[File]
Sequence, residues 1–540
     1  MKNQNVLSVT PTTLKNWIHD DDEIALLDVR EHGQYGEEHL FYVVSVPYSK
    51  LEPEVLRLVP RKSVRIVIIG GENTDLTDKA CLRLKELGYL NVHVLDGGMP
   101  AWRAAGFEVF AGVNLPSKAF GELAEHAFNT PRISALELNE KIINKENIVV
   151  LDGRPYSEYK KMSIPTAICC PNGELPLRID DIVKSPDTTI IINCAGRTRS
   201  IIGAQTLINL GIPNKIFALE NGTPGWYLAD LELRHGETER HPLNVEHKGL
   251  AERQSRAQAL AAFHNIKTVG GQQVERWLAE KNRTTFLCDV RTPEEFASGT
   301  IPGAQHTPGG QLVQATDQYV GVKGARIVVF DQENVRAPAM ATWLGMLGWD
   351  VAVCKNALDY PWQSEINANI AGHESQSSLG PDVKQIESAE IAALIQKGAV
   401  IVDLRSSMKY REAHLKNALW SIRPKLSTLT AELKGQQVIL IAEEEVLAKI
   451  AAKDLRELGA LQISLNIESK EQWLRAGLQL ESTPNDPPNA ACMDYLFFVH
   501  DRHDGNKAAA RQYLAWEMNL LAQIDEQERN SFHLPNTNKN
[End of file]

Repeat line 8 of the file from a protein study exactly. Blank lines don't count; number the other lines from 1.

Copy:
   301  IPGAQHTPGG QLVQATDQYV GVKGARIVVF DQENVRAPAM ATWLGMLGWD